COUNTRYSIDE

COUNTRYSIDE


Far from inhabited areas, surrounded by lush vegetation and farmland, the Italian countryside is the ideal destination for those who want to take a break from the hectic pace of everyday life and rediscover ancient rural traditions. At farms and in the cellars, indeed, you can taste typical old flavours.

The Langhe is the land of fine wines such as Nebbiolo and Barolo and the delicious white truffle of Alba. This area of Piedmont takes its name from the dialect word used to name the rolling peaks between the provinces of Cuneo and Asti and is characterised by its many vineyards from which, in the autumn, you can pick ripe grapes.

Between the provinces of Vicenza and Padua, the countryside is characterised by monumental villas designed by Andrea Palladio. This architect from the sixteenth century was inspired by the country houses surrounded by secondary buildings. His intent was to create production residential complexes with stables and warehouses for the crop.

The Tuscan countryside is known throughout the world for its beautiful landscapes. If you love good food, just stop at one of the many farmhouses in the area to enjoy local specialties, such as cheese, cold cuts and wines, including Chianti and Brunello di Montalcino. For sports enthusiasts there is also a wide range of recreational activities such as horseback riding, hiking and excursions. On sunny days you can take your bicycle and bike along the paths bordered by rows of cypresses.

The Chianti hills are located in the heart of Tuscany and some internationally renowned wines and olive oils are produced in Castellina in Chianti, Gaiole in Chianti, Radda in Chianti and Greve in Chianti.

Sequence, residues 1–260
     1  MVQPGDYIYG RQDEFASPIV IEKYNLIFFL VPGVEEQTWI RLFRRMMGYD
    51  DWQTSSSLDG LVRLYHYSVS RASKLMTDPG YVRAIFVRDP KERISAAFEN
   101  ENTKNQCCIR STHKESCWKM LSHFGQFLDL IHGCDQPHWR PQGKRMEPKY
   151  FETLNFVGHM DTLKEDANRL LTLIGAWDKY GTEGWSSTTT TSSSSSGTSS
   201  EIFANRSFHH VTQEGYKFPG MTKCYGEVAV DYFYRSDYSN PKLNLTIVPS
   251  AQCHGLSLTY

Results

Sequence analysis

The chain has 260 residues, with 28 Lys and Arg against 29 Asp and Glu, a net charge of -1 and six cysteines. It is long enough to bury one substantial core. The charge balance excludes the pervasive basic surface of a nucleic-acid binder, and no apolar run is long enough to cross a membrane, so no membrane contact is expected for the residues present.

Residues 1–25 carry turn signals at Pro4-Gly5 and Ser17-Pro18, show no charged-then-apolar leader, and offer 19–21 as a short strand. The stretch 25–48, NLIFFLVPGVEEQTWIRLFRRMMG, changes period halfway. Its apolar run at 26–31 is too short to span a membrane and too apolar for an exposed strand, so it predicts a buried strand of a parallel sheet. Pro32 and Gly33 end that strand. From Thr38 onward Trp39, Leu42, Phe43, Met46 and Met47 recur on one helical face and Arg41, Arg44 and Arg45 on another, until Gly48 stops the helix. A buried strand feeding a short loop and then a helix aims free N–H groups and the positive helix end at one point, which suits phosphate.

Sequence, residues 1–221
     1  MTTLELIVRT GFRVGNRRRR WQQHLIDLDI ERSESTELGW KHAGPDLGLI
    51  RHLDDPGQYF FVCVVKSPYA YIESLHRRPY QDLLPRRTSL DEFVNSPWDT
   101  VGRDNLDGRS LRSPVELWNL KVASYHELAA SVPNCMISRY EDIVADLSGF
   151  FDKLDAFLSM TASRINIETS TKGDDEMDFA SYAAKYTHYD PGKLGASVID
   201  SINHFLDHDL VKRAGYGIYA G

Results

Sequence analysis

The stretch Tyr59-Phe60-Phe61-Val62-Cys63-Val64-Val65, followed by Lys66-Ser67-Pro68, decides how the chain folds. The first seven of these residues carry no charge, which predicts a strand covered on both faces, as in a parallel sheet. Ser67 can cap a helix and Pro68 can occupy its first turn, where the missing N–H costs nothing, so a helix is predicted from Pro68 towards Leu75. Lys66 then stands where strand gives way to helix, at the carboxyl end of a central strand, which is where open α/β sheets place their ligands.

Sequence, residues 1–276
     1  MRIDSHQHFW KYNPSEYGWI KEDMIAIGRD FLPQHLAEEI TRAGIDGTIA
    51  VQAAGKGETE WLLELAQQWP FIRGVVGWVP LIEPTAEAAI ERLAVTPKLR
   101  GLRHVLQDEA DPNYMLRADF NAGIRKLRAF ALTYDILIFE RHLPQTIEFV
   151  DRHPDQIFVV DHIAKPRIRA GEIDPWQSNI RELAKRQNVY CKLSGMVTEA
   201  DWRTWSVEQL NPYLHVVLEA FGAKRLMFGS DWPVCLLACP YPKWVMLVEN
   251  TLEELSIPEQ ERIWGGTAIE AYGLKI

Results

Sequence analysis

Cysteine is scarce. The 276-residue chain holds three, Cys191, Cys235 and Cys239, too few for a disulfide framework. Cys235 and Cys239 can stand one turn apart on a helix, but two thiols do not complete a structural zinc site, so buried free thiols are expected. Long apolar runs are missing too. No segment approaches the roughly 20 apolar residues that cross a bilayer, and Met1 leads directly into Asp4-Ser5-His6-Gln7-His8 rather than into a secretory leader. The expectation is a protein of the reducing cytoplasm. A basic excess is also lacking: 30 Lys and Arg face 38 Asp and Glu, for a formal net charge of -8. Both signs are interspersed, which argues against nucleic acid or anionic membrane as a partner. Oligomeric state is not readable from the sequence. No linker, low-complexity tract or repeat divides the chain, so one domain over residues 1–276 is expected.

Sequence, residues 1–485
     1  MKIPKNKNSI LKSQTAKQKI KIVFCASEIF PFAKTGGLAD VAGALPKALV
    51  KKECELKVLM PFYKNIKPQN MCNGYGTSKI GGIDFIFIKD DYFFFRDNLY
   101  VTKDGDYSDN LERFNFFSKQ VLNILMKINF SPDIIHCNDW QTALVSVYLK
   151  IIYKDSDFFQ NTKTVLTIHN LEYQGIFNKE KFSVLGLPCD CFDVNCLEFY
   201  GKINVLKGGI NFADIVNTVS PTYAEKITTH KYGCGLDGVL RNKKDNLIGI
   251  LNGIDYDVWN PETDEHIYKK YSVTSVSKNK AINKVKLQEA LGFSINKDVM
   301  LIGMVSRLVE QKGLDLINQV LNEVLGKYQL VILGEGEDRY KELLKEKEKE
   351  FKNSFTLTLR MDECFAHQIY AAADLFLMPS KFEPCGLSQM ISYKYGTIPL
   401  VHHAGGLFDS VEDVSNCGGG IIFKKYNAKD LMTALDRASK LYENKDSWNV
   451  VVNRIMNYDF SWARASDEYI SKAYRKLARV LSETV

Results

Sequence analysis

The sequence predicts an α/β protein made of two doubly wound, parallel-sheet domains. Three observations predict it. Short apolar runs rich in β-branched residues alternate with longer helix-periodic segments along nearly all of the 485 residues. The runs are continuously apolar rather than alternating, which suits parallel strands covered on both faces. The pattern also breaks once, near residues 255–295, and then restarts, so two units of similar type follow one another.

In Tuscany, the Maremma also offers ever-changing and unique landscapes ranging from the beaches of Versilia and Orbetello to Monte Amiata, a volcano now inactive.

The name of Campania region is derived from the Latin word “campus”, which means countryside. The ancients called it “Campania felix” for its fertile lands. The vineyards of the islands of Ischia, Procida, Capri and the Amalfi Coast follow the outlines of the hills overlooking the sea and enjoy the warm climate of the coast.

The countryside of Salento, in Puglia, with its olive groves, looks like a chessboard bounded by stone walls. Green pastures alternates with typical buildings of this area: the trulli, in the shape of a cone, pagghiare with thick walls for mild temperatures in winter and cool temperatures in summer, the specchie of Le Murge and Paralupi.

In Sicily , cereals, wheat and olives are cultivated, but this region is known mainly for its lemons, tangerines and grapefruit. Here you will have the chance to taste the real fresh blood orange juice, and Zibibbo, a sweet wine grown on the island of Pantelleria and included in the UNESCO World Heritage Site list.